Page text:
Mariana Zapata

Vanessa Mazur knows she’s doing the right thing. She shouldn’t feel bad for quitting. Being an assistant/housekeeper/fairy godmother to the top defensive end in the National Football Organization was always supposed to be temporary. She has plans and none of them include washing extra-large underwear longer than necessary.

But when Aiden Graves shows up at her door wanting her to come back, she’s beyond shocked.

For two years, the man known as The Wall of Winnipeg couldn’t find it in him to tell her good morning or congratulate her on her birthday. Now? He’s asking for the unthinkable.

What do you say to the man who is used to getting everything he wants?


If you have a spare few reading days and love a book with a huge amount of build up, a delicious slow burn (and I mean slow), great depth to the characters, and an admiration for sexy and brooding football players, then The Wall of Winnipeg is the PERFECT choice.

TWoW is told solely from the point of view of our endearing heroine Vanessa, she was a fantastic character who had been through some hardships as a child, but was a strong and hardworking normal woman. After two years of working as an assistant to one of the best defensive players in the NFO, she decides to leave her post as right-hand woman to the man who rarely even acknowledges her existence.

“He was lucky I had a tiny, itty, bitty crush on him; otherwise, he would have got the shank years ago.”

Aiden Graves is completely focused on his career, he is like a machine and doesn’t do anything other than what is best for him. He is a loner who is not looking for a relationship of any kind. He is aloof and often dismissive, but under the many layers, lies a deep and complex man, and I found it very easy to love him despite his flaws.

“A demanding, cranky, perfectionist, workaholic, arrogant, aloof, clean freak of a boss. No biggie.”

For a book that is slow to get going on the romance, I sure did get a lot of butterflies throughout because I appreciated all the subtle moments that they shared – it really is a feat that is hard to pull off and I commend Mariana Zapata for being able to write such a delicate love story.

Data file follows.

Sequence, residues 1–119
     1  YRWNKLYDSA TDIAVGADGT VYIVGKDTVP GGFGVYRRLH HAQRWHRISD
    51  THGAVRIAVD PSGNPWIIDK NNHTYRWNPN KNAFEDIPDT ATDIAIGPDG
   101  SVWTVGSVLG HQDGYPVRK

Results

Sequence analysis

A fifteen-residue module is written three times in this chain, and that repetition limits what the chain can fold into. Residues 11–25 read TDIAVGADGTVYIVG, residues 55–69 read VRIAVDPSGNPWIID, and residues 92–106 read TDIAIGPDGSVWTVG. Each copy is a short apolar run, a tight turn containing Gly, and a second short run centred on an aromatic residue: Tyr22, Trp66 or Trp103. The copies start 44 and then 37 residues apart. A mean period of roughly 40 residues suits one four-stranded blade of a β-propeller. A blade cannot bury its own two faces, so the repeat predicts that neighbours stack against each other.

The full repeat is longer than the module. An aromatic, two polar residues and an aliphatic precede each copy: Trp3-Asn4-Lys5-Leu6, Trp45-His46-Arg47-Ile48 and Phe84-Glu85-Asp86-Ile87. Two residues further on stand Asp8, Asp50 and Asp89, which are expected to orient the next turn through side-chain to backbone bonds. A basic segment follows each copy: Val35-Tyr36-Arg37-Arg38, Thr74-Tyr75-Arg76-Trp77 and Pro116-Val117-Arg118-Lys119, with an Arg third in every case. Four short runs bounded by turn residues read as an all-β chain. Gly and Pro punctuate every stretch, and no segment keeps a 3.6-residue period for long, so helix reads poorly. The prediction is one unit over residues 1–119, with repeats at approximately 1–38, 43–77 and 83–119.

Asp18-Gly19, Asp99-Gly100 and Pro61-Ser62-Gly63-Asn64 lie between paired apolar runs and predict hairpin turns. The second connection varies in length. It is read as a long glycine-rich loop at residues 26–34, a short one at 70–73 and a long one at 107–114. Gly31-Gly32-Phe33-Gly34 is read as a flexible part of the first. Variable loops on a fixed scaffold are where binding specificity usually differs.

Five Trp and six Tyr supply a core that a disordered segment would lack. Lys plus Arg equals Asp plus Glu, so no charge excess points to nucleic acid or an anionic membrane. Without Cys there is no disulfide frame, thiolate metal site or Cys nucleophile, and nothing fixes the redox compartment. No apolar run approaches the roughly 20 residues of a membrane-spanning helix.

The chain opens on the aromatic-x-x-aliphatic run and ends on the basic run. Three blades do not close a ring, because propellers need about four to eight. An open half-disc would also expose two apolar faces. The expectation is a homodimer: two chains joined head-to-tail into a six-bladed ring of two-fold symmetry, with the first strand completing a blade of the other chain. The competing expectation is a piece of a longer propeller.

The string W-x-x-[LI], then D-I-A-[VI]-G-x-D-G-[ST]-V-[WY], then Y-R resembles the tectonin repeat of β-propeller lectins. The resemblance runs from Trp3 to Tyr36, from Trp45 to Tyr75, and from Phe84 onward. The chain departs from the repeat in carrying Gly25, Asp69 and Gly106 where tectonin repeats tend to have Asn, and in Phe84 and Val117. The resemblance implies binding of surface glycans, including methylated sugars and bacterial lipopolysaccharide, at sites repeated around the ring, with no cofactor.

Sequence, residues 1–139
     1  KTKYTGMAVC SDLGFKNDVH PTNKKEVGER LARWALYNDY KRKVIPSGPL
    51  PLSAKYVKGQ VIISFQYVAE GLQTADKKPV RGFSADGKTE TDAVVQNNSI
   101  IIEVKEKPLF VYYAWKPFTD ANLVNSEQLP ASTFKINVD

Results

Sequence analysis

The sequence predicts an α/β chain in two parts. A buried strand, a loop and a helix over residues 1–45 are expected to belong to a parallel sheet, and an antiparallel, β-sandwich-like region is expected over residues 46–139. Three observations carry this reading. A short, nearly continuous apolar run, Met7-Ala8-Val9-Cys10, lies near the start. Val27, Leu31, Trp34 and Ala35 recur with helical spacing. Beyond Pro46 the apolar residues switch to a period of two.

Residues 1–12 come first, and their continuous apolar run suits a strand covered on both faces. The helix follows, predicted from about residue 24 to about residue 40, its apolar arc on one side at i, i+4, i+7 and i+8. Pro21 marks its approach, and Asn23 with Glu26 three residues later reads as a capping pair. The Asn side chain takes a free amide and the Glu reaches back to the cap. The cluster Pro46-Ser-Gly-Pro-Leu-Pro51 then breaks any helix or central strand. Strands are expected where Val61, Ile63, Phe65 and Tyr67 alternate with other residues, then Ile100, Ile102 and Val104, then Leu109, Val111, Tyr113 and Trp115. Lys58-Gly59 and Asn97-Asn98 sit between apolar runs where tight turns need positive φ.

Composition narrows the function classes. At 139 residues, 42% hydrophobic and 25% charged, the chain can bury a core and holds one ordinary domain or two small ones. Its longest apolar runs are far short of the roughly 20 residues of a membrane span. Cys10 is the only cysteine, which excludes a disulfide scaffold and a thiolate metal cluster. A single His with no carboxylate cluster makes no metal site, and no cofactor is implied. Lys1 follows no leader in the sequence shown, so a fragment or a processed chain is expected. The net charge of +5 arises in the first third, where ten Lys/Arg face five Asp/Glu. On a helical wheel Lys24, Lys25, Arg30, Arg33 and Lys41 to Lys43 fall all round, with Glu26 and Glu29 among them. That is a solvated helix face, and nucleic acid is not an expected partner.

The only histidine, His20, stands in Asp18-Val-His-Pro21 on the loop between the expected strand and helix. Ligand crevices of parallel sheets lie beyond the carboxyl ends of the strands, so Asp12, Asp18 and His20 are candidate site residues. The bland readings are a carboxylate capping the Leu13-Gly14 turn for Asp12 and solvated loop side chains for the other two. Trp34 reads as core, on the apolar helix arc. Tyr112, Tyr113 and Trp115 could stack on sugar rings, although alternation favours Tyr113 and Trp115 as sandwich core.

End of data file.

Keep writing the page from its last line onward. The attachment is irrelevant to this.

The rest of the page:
For someone who has the attention span of a goldfish, I can honestly say that for the ten hours or so I was reading it, I was never once bored and whilst I would have liked things to move a little bit quicker, I didn’t really mind the wait at all – it was well worth it.

Images featured in this review were created by me using stock images either purchased from deposit photo or from free stock sites.

About the Author

Mariana Zapata

Mariana Zapata began writing love stories soon after she learned how to spell. She probably shouldn’t admit that she started sneaking romance novels from her aunt’s bookshelves way before she was old enough to even understand what it meant when a man flipped up a woman’s skirt… don’t tell her mom. Luckily, she stuck to stories about princesses and princes for a while.
In her teens, she wrote boy band fanfiction (there’s still a website up somewhere on the internet with those masterpieces), and in her early twenties, she picked it back up again with Sookie Stackhouse and Twilight. Eventually, her significant other finally told her to do what she wanted to do and she began working on her original work. Her novels tend to include potty humor, bodily functions, and bad words.
Mariana lives in a small town called Pagosa Springs, Colorado with her husband/best friend, Chris Letchford, and their two well-beloved (and emotionally manipulative) Great Dane children, Dorian and Kaiser. When she’s not pretending to write, she’s reading sci-fi, fantasy, steampunk or historical romance novels. You can usually find her harassing her dogs, being a hermit at home or cracking jokes at the expense of her family members.

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24th April 2016

The Wall of Winnipeg and Me by Mariana Zapata REVIEW